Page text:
London Korean Links

Covering things Korean in London and beyond since 2006

The Sound of Nature: Dal:um live at Southbank Centre

“Korean traditional instruments contain the sound of nature.” This is the opening line of Ha Suyean’s answer to my question regarding what Dal:um would like their international audience to know about ancient Korean instruments gayageum and geomungo. “For someone coming to these two ancient instruments for the first time, what will they discover?”, I had … [Read More]

K-Music 2021: Soojin Suh Coloris Trio & Camilla George

I know I should no longer be surprised at how well these collaborations work, but last year’s online meeting between Soojin Suh and Kit Downes was really rather good, so I’ll certainly be attending this gig, the last of the 2021 K-music festival. Soojin Suh Coloris Trio & Camilla George Wednesday 17 November 2021, 7:45pm … [Read More]

K-Music 2021: Dal:um

Dal:um are a Seoul-based musical duo who challenge the sonic possibilities of Korea’s most well-known traditional string instruments: Dal:um Saturday 6 November 2021 7:45pm, Southbank Centre / Purcell Room | Belvedere Road | London SE1 8XX | Buy tickets Monday 8 November 2021 8pm Norwich Arts Centre | 51 St Benedict’s Street | Norwich NR2 … [Read More]

Igudesman & Joo play the Royal Festival Hall

Igudesman & Joo’s performance in the Cadogan Hall was one of LKL’s highlights of 2012. I think we all need a bit of cheering up at the moment, and these are the guys to do it. Don’t miss their Festival Hall appearance next week: Igudesman & Joo Wednesday 4 March 2020, 7:30pm Royal Festival Hall, … [Read More]

Gallery: Joo Yeon Park’s Library of the Unword

As described in the exhibition notice, Joo Yeon Park’s Library of the Unword and its central piece Twenty Times a Thousand (2019) is inspired by Beckett’s poem Echo’s Bones. According to the artist, Echo in Beckett’s poem Echo’s Bones (1935) refers to the nymph in Ovid’s Metamorphoses who is punished by Juno so that she … [Read More]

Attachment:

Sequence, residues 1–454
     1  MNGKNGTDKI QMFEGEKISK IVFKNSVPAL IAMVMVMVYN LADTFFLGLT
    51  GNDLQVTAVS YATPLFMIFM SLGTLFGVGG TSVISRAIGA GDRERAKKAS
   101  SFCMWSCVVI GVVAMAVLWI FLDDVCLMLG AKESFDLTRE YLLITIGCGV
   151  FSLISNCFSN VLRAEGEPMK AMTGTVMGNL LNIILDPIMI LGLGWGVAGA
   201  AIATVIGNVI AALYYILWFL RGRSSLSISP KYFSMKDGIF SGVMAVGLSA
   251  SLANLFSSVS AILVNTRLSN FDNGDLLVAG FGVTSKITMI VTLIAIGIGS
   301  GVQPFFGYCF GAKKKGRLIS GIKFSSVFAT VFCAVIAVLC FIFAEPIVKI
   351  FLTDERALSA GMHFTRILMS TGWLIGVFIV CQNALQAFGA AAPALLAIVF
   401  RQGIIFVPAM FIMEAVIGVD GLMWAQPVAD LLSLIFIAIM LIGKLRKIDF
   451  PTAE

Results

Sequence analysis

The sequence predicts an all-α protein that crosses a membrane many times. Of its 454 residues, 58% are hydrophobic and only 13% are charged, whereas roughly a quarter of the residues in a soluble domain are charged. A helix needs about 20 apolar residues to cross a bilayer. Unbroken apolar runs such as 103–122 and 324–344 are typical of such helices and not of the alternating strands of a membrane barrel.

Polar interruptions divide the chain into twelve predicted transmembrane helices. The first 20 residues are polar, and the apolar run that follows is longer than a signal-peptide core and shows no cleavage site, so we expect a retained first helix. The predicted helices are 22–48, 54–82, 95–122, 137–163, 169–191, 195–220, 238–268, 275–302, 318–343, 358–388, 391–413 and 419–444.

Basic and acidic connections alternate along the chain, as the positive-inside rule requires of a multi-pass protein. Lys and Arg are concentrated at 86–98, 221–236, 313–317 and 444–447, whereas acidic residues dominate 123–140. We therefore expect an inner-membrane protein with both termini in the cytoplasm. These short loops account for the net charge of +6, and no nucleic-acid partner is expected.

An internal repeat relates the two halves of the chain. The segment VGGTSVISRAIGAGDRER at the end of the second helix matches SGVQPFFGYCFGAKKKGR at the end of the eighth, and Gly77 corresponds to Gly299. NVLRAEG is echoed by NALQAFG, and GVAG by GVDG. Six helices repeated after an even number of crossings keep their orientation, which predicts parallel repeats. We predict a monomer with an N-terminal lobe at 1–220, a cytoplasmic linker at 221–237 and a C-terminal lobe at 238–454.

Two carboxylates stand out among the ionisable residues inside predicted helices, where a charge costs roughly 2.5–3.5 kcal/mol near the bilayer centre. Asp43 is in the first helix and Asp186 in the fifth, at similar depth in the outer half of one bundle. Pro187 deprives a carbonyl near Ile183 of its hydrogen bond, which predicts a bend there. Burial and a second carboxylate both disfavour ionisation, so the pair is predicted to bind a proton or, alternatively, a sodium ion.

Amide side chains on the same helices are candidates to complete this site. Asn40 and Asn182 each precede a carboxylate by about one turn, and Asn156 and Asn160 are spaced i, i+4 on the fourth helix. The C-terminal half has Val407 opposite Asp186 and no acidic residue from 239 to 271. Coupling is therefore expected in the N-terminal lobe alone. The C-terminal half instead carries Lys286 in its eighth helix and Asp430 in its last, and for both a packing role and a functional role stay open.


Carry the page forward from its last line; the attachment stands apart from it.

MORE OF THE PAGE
A review of the Korean cultural year 2019

A review of some of the highlights and trends in the Korean cultural year, primarily in London but also with half an eye to anything we might have seen elsewhere in the UK. The review is a personal one, inevitably skewed towards the events we managed to get to. Introduction This time last year I … [Read More]

Joo Yeon Park’s Library of the Unword, at the National Poetry Library

National Poetry Library | Level 5, Blue side | Royal Festival Hall 5 December 2019 – 29 March 2020 | Admission free Joo Yeon Park’s Library of the Unword commemorates the 30th anniversary of Samuel Beckett’s death. The exhibition features an installation, Twenty Times a Thousand (2019), in response to Beckett’s poem ‘Echo’s Bones’ (1935). The work comprises over … [Read More]

Gig review: Kyungso Park, SB Circle + Hey String

Isn’t it refreshing when a band exceeds expectations? When you were expecting something pretty good, and you get something astoundingly good. When the newbie support band has the class to headline their own gig. OK, to call the gayageum trio Hey String a newbie band neglects to mention their success as prizewinners in Seoul Namsan … [Read More]

K-music 2019: Black String, 18 Nov @ Purcell Room

Based on Black String’s latest album release, Karma, this closing concert could be the highlight of the festival. The concert is also part of the London Jazz Festival line-up. K-music 2019: Black String Monday 18 November 2019, 7:45pm Southbank Centre / Purcell Room | Belvedere Road | London SE1 8XX Tickets £15 + booking fee … [Read More]

K-music 2019: Jambinai, 3 October @Purcell Room

Jambinai open the 2019 K-music festival as part of their six-city England tour. K-music 2019: Jambinai Thursday 3 October 2019, 7:45pm Southbank Centre – Purcell Room | Belvedere Road | London SE1 8XX Tickets £15 + booking fee | Book tickets Jambinai present Korean traditional music in a new and innovative way, with their ground-breaking post-rock … [Read More]

Brief review: Crossroads of Youth

Crossroads of Youth, Korea’s earliest surviving feature-length movie, was a great way to start the season of films from Korea’s colonial period. It is a season that could not have taken place 15 years ago, because these films have only recently come to light in the film archives of Beijing, Moscow and Tokyo. Crossroads of … [Read More]